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revoked. i have been clear that i believe it is the best option for united kingdom is to leave with the deal. that's what we're continuing to work for. >> one final question. why haven't you help the house of commons by publishing the withdrawal agreement bill? >> we will publish the bill would with complete the work we're doing on the withdrawal equipment built. >> what's going to change since you agreed the end of last year? >> we've already seen a things that have changed that need to be reflected in the withdrawal agreement bill. there are the issues that the been agreed come for the issues combine issues have been agreed with the european union and commitments the government has given, for example, i've already referenced one. there are also commitments that we've given and i've given an
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house of commons to workers' rights. it is not the case that the withdrawal agreement bill that will be presented to parliament today will be the same. there will be changes. >> isn't not unusual for the government to publish draft bills and then produce a final bill that's different or amended or indeed to it is a minute during the passage of the boat? wouldn't that help the house of commons but we do if you published the withdrawal agreement now? >> i think it would be helpful for the house of commons for us to publish the withdrawal of the bill when we have considered all the issues that have changed since withdrawal agreement in november of last year. and when we are able to enable the house to proper consideration of that bill. >> in continuing the theme of basic provisions. >> thank you, chairman. you just that i want to leave the eu, prime minister. why don't you get on with it and bring the commencement order to
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staff? that would be bad way to begin. but while you claim you to death referendum vote in leaving to you and our manifesto when the withdrawal agreement legally requires not a kingdom citizens, businesses and workers to obey laws made by the choices of the 27 other member states, going on years without our involvement, gives uk courts the right to override united kingdom acts of parliament, undermines the constitutional status of northern ireland and thereby undermines our national interest. why do you repeatedly and again today say that what you're doing in the withdrawal agreement is in our national interest? it most obvious is not. >> you sit said at the beginnif your question that i said outages that i wanted to leave european union. you thought i should get on with it. i've been trying to get on with it. i voted three times now for the withdrawal agreement that would enable us to ratify that. such we can use the lead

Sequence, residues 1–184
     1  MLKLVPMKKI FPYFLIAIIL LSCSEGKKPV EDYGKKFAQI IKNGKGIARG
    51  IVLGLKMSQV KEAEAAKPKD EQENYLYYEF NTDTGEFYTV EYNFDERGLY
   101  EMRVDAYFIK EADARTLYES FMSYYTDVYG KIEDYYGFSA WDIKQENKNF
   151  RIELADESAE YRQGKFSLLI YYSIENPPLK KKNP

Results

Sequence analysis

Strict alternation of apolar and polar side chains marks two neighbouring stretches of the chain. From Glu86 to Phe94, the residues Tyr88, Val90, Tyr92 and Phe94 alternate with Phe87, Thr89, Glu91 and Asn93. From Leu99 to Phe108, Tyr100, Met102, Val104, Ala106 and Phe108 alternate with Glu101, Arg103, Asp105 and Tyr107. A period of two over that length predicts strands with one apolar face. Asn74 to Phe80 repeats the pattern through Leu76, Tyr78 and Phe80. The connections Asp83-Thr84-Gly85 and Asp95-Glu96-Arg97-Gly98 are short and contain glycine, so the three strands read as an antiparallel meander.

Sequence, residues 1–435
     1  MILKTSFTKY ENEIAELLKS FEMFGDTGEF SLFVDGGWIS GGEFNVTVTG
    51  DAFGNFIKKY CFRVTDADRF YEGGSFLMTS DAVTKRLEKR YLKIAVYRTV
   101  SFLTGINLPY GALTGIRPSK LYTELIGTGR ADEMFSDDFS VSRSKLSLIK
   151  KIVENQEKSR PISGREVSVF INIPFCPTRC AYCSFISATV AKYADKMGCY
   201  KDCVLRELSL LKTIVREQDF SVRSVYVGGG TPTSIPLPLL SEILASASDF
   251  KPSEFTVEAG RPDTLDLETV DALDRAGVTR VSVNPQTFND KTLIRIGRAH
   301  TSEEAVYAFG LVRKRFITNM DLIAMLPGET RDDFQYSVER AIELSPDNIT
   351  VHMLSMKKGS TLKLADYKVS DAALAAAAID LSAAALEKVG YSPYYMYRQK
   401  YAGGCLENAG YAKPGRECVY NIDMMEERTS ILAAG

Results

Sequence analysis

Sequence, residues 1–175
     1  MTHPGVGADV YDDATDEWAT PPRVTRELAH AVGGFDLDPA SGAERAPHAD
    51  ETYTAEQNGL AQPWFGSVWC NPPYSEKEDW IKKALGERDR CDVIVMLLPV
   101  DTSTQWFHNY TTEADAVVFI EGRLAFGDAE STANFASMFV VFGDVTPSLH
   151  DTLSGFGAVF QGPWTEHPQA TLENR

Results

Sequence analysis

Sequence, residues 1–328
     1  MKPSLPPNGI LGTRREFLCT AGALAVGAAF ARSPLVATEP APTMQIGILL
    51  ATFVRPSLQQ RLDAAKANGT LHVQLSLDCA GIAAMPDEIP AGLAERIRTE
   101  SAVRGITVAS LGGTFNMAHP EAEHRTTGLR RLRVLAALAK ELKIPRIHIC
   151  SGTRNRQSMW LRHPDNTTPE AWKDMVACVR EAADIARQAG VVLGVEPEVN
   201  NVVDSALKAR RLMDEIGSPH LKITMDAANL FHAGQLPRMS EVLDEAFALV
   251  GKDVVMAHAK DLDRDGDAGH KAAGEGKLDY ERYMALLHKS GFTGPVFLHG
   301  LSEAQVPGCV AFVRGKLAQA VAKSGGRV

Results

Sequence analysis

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european union. i repeat that had the first meeting phone vote country we could've gotten and they out already. i do not accept the description you have given, the position the united kingdom will be an following on the basis of the withdrawal agreement and the future proposed future relationship that we're negotiating. i could go through the specific issues if you like but it is not the case, it is very clear that it is not the case were going to see the continued court of justice here in united kingdom. >> prime minister when a calling you to resign the other day in the house, you said the withdrawal agreement with a good deal for the united kingdom. but how can it be so when it deliberately undermines the repeal of the european commission act of 19 1972? i mention there's no commencement order. this shackles us to all eu --
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submitted if i may. this shackles us to all eu treaties and laws. your 108 promises not to extend the time have been overridden by what many regard as an unlawful statute instrument which is now before the joint committee. you gave instructions the conservative mps to defeat my amendment in the cooper bill which would have stopped our taking part in the european elections. so we passed the european union withdrawal act, and you know perfectly well and we agree about this, if nothing else, how to put an enormous amount of time and effort, as we all did, indicating that withdrawal act through on the 26th of june 2018. so that would've taken it out of the eu. not this withdrawal agreement. furthermore what have you gone back on the repeal of the 1972 act? >> first of all i would say we also would now agree about wanting to leave the european
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union wanting to ensure speedy it a proper weight. >> but we had exchanged about the 1972 act on the floor of the house. the european withdrawal, the act has always been passed. does repeal european act of 1932 and does at the point of it. but, but what we've negotiated with in the withdrawal agreement is that implementation period, transition. as it is referred to in the documentation for a time up to the end of december 2020. during that time we will be continuing to operate pretty much as we do today. we would be a member but we will continue to operate and it would be necessary to reintroduce the -- >> we will have laws passed upon us by 27 other member states without our involvement, taken